Gutted for you Amily.
I know my kidney function is not too balanced (had tests earlier in the year after MRI showed a problem), I’m at about 52 & 48% so I make more effort to drink lots of water and take a cranberry supplement - huh, like MS doesn’t cause enough bladder problems!!! I’m just extra cautious now so I guess apart from the ridiculous cost, it’s something else to be wary of I suppose.
With so many unknowns it really doesn’t make me too hopeful about it. I guess I’ll look again iif there’s much more decline on the walking front.
I truly hope you have a good recovery Amily hugs
Thank you Sonia. I’m just concentrating on getting over this relapse now. Amily x
I’m SPMS, and have been at this ‘stage’ for almost 3 years now.
No doubt Fampyra can be a huge help to some, but based on my personal experience of the drug, I’d be very reluctant to recommend it.
I certainly don’t think anything like enough mention is made of possible detrimental effects to enable potential users to weigh-up the pros & cons properly.
(My own neuro simply didn’t know the potential hazards …bit of a worry for future meds!!)
Best of luck with it, Tony, hope it proves much more successful for you
Amily/Liamsquash - Tks for replies. I’ll have to make a decision about fampyra in a few weeks - the jury’s out ! Liam concerning footdrop - I had a support around my ankle which was attached to my shoelace area. Think it was called a “foot up” . It worked quite well but when my calf muscle weakened on same side I got a “musmate” . This has a belt around waist and shoulders with a thick adjustable rubber band down to centre of foot area. There is then a strap that connects to cente of foot over shoe. All can be concealed under shirt/trousers. I’ve modified mine and attach to foot area onto a loop of thick wire fixed through forward shoelace eyes. Helps me a lot . Got both items from local physiotherapy for free. Best of luck Tony
I have read the recent posts and I’m sorry that some people have had a rough time. My experience is very different. Noŵ four months in, my walking , bladder (now almost normalised with the addition of Betmiga) and fatigue have all vastly improved. I hope everyone can have the opportunity to try this drug. I know several people who have been taking this drug for years (available from the USA since 2004) with no negative effects. I’m not sure of reports that people are worse, than they were before, after stopping Fampyra. It’s very difficult to remember accurately one’s condition weeks or months ago. It would be a great pity if ms people deny themselves Fampyra because of a few, possibly inaccurate, reports. John H PS - I used a ‘Foot Up’ brace to help my foot drop for the past two years. It’s been in a drawer since I started on Fampyra.
Johnh, Are you still on the Fampyra drug. As all the ‘problems’ are with people who have done the trial then stopped taking it.
l have read the warning that if you stop taking the drug your condition can most likely be worse then when you started.
Life does not get easier.
So pleased with your results with the Betmiga.
John H, I would have carried on taking Fampyra as I had good results on my trial. My walking and fatigue levels were much improved (see my earlier posts). However, my kidney function has dropped from 84 to 26 which means that I am unable to continue. I would not wish to put people off trying this drug. I think that I have just been unlucky with recent events. However, I do think that it is important that people should read about as many experiences with ‘MS drugs’ as they can, in order for them to make up their own mind. I know that I was keen to read about other people’s experiences before I decided to take Fampyra. My report of my experience with Fampyra is not inaccurate but truthful. Amily x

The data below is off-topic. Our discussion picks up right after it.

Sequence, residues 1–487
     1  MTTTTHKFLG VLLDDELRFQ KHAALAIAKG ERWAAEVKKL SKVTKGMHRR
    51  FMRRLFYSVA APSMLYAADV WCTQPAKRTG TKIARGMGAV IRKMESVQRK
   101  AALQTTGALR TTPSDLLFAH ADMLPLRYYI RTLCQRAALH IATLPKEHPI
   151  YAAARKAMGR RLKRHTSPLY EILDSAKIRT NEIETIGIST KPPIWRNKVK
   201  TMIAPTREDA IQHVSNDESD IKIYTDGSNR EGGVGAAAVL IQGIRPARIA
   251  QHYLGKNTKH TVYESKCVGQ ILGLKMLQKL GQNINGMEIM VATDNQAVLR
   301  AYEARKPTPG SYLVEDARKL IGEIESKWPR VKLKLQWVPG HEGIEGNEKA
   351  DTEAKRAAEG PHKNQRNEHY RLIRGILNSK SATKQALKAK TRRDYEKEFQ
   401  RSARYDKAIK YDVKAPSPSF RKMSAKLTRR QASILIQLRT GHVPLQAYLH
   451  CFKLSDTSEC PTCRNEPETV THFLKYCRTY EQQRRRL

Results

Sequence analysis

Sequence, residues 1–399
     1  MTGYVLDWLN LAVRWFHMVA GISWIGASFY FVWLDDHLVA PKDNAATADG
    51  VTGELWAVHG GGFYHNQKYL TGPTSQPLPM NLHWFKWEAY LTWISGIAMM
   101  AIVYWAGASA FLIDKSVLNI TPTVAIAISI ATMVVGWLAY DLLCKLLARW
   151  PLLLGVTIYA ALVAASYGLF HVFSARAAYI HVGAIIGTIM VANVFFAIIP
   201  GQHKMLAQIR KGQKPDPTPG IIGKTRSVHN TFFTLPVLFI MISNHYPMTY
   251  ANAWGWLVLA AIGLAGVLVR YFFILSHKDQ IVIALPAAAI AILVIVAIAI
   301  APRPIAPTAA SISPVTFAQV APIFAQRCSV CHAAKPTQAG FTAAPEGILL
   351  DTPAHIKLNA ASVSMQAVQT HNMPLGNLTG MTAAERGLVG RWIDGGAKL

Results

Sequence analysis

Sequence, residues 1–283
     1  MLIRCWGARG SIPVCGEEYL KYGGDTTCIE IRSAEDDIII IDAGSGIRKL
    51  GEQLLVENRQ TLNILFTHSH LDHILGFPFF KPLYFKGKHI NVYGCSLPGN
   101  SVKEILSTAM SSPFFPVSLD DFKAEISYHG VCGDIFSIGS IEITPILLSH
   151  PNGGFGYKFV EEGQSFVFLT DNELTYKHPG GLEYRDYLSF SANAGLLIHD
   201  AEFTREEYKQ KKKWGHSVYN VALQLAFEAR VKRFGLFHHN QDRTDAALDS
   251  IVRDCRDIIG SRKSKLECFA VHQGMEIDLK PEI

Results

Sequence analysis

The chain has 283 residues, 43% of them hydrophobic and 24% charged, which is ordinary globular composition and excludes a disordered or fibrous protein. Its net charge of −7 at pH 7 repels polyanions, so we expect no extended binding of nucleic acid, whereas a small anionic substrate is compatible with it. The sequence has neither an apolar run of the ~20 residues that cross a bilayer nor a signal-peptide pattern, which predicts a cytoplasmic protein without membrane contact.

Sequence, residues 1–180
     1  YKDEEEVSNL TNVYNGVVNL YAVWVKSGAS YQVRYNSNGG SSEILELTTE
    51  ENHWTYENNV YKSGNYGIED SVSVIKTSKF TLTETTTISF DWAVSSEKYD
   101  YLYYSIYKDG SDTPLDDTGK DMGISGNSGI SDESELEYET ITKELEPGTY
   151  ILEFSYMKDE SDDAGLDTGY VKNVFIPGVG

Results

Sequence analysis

Snow leopard - no problem. I was trying to be humorous. Ref fampyra johnh says above that it has been available in the USA since 2004. Surely with shared information these days our neurologists would be well aware of any negativities, especially long term problems after coming off the drug as some people have been reporting. Tks tony
Fampyra definitely provided slight benefit …but only ‘slight’. Certainly not £200 per month’s worth of improvement.
Then, as soon as ! completed my trial, it became quite clear that after only 1 month, my balance, spasticity and foot-drop were all worse than before the trial.
Have you, or any of the users that you know, ever come off this med and personally seen whether it causes any sort of ‘depedency’ ??
(By the way - there was absolutely no effect on my bladder - good or bad!!)
I should have explained that I tried Fampyra (Fampridine) about five years ago for three months. It didn’t do anything for me, good or bad, so I stopped taking it. However, my mobility and fatigue wasn’t nearly as bad as it has become. Now that Fampridine (Fampyra is a sustained release version) has become available I decided to try it again. I’m fortunate that I’m a responder. When I got this drug from the USA the patient leaflet advised stopping the drug for a week every few weeks. So there must be a history of people stopping and starting. The drug isn’t new. It’s been used for years, to treat patients in the USA , who have spinal chord nerve injury and is sometimes able to reduce paralysis. John H
But why are you getting your Fampyra from the US when it’s commonly available (albeit privately) in the UK ?
I honestly thought the purpose of the free trial was to find out whether or not a person was a ‘responder’ ? (If I’ve misunderstood this, it certainly isn’t the first mistake I’ve made and you can be pretty sure it won’t be the last!! )
Look forward to your advice.